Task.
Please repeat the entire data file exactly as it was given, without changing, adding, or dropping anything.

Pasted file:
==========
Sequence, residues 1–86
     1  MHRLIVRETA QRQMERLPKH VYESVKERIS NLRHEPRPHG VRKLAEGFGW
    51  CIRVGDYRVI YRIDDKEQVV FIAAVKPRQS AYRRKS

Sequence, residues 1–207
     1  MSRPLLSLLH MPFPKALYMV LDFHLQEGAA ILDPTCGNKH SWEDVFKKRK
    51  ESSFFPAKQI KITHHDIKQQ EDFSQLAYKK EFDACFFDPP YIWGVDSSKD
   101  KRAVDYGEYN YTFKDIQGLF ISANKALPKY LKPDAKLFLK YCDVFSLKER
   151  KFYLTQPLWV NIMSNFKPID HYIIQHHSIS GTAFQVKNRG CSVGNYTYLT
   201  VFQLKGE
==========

Sequence, residues 1–86
     1  MHRLIVRETA QRQMERLPKH VYESVKERIS NLRHEPRPHG VRKLAEGFGW
    51  CIRVGDYRVI YRIDDKEQVV FIAAVKPRQS AYRRKS

Sequence, residues 1–207
     1  MSRPLLSLLH MPFPKALYMV LDFHLQEGAA ILDPTCGNKH SWEDVFKKRK
    51  ESSFFPAKQI KITHHDIKQQ EDFSQLAYKK EFDACFFDPP YIWGVDSSKD
   101  KRAVDYGEYN YTFKDIQGLF ISANKALPKY LKPDAKLFLK YCDVFSLKER
   151  KFYLTQPLWV NIMSNFKPID HYIIQHHSIS GTAFQVKNRG CSVGNYTYLT
   201  VFQLKGE